At the turn of the 20th century, rural labor migrants began moving to the Indian city of Mumbai, sleeping in tenement buildings known as chawls and working around the clock at the city's many textile mills. The mill lands made Mumbai, transforming a fishing village into a bustling port city. But when the economy shifted in the 1950s, followed by massive mill closings and layoffs in the 1980s, this enclave of industrial workers began to fall apart. In contemporary Mumbai, old low lying textile mills and chawls are being developed into shopping malls, high rise apartment buildings, and luxury hotels, transforming the neighborhood into a space of elite residence and consumption. For contemporary industrial worker communities still residing in these neighborhoods, the disjunction between the occupied material space of mills and chawls and the looming material space of cranes and construction results in an occupation of place and time that diverges from the temporal expectations of progress and development. In this article, I argue that chawl life operates according to "chawl time," a temporal-spatial frame located between industrial and postindustrial time. In making this argument, I draw attention to how chawl residents exist in both this contemporary moment of rapid redevelopment and revitalization of former industrial spaces and a perceived past moment of industrial activity and working class stability. In doing so, this article reveals how anachronistic subjectivities are vital products of modernity.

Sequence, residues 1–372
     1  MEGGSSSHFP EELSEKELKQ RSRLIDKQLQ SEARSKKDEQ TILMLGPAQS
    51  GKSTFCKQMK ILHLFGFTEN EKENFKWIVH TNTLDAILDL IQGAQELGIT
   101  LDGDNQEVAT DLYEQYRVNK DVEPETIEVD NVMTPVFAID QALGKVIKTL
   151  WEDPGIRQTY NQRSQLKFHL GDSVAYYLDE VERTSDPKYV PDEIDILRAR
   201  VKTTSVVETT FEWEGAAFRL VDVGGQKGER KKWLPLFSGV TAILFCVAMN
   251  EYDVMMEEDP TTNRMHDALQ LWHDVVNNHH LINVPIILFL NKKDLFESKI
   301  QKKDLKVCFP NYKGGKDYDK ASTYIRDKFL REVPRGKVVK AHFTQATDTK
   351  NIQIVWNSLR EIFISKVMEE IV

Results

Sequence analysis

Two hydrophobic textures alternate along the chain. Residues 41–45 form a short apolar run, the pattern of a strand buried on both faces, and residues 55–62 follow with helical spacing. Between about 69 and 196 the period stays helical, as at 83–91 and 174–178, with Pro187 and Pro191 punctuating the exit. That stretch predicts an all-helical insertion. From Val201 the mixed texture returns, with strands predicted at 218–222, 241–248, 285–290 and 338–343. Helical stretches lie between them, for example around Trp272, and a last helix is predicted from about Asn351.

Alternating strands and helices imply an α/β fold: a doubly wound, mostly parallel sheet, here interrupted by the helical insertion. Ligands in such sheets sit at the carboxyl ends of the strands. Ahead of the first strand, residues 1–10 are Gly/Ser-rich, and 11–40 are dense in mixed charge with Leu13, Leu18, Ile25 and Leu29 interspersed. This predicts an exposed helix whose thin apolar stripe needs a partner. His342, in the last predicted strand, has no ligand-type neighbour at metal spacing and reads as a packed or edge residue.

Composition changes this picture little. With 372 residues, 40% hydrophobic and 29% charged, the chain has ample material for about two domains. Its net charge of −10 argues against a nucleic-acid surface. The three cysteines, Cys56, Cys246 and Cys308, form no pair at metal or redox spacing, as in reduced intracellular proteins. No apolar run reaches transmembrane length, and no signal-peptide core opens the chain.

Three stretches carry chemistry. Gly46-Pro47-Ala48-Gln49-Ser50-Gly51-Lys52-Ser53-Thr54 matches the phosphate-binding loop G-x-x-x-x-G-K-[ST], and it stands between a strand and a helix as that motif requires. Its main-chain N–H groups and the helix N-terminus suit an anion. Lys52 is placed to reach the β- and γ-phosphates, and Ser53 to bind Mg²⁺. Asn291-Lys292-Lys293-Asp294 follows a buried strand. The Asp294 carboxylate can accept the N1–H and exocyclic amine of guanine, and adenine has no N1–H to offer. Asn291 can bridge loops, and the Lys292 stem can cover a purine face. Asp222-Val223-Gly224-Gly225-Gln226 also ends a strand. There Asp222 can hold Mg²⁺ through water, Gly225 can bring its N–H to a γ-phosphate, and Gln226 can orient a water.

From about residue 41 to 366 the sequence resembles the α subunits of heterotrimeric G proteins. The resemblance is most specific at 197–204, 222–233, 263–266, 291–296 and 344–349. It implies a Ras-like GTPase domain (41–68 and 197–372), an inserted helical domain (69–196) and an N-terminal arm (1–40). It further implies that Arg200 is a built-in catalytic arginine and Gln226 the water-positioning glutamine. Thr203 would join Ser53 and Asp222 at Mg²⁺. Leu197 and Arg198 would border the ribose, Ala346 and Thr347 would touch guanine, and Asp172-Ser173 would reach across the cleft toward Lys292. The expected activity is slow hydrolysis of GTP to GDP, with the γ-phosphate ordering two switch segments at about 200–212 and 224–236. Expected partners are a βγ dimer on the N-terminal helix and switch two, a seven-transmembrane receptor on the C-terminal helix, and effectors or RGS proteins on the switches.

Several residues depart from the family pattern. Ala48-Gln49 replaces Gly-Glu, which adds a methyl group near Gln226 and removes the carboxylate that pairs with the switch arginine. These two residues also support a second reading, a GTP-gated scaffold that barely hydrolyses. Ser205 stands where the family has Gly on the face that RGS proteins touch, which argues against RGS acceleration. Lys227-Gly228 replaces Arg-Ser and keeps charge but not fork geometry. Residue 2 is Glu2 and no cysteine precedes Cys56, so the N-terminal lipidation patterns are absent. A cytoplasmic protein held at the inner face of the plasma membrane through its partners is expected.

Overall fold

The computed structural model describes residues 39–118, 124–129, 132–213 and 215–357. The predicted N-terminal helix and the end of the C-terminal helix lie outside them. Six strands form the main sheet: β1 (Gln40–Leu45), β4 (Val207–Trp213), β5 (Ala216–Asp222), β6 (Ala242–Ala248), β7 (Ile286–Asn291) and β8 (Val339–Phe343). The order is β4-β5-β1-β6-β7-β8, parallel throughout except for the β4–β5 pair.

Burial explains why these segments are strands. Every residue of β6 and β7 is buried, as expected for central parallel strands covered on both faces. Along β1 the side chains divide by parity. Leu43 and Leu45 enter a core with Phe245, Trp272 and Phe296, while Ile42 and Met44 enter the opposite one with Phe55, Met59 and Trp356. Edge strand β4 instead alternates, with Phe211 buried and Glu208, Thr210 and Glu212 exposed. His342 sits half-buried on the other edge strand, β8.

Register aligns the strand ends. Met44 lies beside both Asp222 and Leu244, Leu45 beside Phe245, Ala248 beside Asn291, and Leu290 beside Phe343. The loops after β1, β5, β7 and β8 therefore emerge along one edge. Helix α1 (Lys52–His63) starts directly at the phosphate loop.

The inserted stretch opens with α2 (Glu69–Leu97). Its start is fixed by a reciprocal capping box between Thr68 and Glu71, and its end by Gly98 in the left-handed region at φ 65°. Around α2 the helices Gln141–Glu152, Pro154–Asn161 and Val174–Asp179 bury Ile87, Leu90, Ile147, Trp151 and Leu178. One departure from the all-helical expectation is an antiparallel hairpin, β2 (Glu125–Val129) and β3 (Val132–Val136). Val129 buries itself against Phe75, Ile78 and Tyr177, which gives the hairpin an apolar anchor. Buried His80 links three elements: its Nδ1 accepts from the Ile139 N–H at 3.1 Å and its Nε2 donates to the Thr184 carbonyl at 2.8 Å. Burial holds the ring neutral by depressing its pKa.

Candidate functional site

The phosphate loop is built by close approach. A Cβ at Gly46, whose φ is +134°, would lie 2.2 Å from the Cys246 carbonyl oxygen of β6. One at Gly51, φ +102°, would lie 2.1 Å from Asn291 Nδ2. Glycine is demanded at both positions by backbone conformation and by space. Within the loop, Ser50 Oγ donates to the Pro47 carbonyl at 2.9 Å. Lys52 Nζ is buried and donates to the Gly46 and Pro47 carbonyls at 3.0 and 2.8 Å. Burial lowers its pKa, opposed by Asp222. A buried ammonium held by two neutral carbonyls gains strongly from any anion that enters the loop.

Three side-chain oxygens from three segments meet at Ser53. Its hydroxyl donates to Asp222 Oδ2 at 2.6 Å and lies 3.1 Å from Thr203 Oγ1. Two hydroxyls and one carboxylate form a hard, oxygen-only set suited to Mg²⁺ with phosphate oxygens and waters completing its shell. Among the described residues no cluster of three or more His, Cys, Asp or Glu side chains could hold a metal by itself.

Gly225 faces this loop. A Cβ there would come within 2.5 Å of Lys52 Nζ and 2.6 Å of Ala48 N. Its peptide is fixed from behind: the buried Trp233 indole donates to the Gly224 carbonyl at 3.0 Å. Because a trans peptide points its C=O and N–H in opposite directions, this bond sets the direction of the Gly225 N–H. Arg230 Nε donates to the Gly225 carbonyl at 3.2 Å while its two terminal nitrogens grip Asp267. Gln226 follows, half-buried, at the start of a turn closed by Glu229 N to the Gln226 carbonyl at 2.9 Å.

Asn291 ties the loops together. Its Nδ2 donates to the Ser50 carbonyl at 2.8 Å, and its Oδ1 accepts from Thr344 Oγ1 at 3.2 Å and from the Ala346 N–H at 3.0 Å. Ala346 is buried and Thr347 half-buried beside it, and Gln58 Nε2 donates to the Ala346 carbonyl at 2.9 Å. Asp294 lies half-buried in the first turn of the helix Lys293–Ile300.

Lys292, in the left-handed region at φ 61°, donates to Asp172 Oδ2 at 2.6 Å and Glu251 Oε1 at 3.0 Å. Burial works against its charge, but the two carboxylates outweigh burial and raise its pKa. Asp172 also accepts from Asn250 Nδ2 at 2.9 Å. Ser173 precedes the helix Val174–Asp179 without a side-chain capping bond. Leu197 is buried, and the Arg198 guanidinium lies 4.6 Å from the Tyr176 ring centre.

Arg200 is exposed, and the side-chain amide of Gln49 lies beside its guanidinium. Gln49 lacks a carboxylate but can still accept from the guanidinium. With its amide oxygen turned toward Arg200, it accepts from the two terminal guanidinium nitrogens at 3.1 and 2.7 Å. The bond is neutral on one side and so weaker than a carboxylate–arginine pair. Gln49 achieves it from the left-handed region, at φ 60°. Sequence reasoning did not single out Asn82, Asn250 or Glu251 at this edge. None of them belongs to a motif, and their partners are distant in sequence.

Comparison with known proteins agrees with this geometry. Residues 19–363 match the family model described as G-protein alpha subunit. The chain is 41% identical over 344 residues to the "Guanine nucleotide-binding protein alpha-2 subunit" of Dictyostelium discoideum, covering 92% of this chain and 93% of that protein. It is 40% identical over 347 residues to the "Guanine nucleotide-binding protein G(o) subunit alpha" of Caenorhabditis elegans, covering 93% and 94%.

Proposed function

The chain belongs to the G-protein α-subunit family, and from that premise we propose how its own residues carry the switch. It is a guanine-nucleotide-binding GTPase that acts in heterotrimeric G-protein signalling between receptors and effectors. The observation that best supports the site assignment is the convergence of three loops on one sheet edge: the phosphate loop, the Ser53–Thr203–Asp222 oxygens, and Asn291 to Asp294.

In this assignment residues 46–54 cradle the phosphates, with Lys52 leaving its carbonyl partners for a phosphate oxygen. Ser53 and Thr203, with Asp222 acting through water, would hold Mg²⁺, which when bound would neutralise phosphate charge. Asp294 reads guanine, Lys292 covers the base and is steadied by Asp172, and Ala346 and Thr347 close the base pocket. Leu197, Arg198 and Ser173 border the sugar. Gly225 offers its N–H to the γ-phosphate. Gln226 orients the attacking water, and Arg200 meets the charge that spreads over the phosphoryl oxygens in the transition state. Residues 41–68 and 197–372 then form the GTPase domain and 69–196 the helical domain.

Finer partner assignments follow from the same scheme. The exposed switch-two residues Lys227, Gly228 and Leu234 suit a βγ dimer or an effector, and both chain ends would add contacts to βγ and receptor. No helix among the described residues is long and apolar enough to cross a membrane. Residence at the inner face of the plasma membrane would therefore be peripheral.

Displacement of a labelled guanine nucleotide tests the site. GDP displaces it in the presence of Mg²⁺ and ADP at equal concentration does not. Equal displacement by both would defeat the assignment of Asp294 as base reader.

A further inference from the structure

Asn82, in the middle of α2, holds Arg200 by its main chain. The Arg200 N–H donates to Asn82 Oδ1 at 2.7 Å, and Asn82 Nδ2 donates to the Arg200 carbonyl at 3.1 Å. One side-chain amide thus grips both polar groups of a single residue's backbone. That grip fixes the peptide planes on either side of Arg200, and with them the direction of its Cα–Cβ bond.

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pp. 937-968
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